When I graduated grade 12, I went to university and decided to stop. I had a challenging time. So I started an organization called Lusaka School-Leavers Self-Help association. With that, I always believed that when people leave school, most who are underprivileged, that’s where the breakdown of life begins. To the contrary, I thought we should keep these people and bring this organization to the Lusaka City Council. I thought we shouldn’t sit at home doing nothing; let’s go clean our cities. In order to keep ourselves active, we participated in the Keep Lusaka Clean Campaign and I remember going to the radio to speak about that campaign. This informs you that I never believe in self-pity. Self-help means that you get up and do something. Don’t let your life pass you by.
I later continued my civic and political involvements by joining UPND when we were just starting in 1998. I was involved with the youths. I thought they should speak out against joblessness by participating in the electoral process to cast their vote where they think their hopes and aspirations lie. I was already politically active. From there, my political career just continued.
My entrepreneurship spirit comes from always want to see a better situation. I’ve always liked to innovate. I don’t like to do what someone is already doing. What excites me is doing something new and changing lives with it.
I’m an enemy of self-pity. I don’t like people who pity themselves. I always feel that a human being shouldn’t say I can’t do anything. Where there’s a will, there’s a way. I feel that I must do something unique to change lives and I hope that I can remembered as someone and kept on trying until my last breath on earth.
You see, I grew up in a family where our firstborn was not that successful. And I didn’t like that the this person I looked up to as his sibling. after my dad has passed on, was not doing so much. I felt like somebody must fight for this family as well. The way to fight is knowledge, secure education. And not education in the literal sense. I see the entire world as the largest classroom ever on earth. This is where you learn about life and I believe in the principle that South Africans say umuntu ngumuntu ngabantu, a human being is only a human being when he cares about others. So really, I have a socialist approach to issues because I find that very close to my African setup. And so right now, at my home, I take everybody who wants to come and visit me. I take care of my nephews. The extended family to me is not a burden. I can give them shelter, food and take them to school, and with education, they can open their own horizons. One day, they can be successful, more than myself. I believe the best is yet to come. No matter what I succeed myself, I have not arrived at the best. The best is yet to come.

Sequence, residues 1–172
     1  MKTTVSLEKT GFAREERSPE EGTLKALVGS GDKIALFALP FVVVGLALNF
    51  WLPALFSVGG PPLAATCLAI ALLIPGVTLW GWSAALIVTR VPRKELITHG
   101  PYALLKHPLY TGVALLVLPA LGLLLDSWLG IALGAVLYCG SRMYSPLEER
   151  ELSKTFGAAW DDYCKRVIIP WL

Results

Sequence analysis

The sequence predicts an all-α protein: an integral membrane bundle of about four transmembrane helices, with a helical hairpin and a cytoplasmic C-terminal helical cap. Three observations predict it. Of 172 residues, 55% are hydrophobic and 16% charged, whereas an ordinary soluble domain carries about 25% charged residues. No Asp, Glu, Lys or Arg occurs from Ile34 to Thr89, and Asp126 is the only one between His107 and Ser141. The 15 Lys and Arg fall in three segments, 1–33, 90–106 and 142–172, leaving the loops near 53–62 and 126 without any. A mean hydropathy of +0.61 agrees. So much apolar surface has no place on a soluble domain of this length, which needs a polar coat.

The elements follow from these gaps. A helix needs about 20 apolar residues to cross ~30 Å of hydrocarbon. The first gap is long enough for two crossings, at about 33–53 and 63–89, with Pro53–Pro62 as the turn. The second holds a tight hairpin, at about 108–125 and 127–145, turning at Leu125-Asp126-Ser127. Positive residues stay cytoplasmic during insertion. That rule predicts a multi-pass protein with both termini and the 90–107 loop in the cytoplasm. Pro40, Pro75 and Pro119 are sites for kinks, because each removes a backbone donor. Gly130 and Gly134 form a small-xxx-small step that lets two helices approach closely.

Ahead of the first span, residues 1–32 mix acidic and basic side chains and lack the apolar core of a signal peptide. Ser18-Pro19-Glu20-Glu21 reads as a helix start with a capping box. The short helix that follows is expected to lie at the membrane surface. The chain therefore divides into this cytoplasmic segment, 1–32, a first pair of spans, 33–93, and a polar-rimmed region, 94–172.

On Resiliency and Entrepreneurship
I grew up in the village. My grandma lived in game management area and we grew up in wildlife arrangement where lions, hyenas, elephants were story of the day. By that, I had a lot of lessons from my grandma who said, when you are walking along the path, you meet a lion, don’t show it you’re scared because it can eat you. You must show the lion you’re not scared of it. That’s teaching on self-esteem.
I was also taught that when you go to the river and a crocodile attacks you, if you can find the tail of the crocodile and lift it above the water, you can drag the crocodile to the surface to the banks of the river because I was told that if you let the tail of the crocodile, it will defeat you. If you lift it up, you can struggle to the banks of the river and when you’re at the banks oft the river, get a stick, stick it in the nostrils of the crocodile and you’re safe. That’s survival skills.
Coming to my entrepreneurial spirit, whatever any man does to live, I too can do it. So why should I go to look for someone to create a job for me? Why can’t I create a job I’m looking for and employ somebody. Further, I have come to understand from my travels abroad that what makes the best way out of poverty is production – meaning entrepreneurship, and any form of production. My friend told me I have so much potential and that any human being is an unfinished product with room to improve everyday. That has been my principle all along. Whatever I’m doing, if it’s not good today, it will be better tomorrow.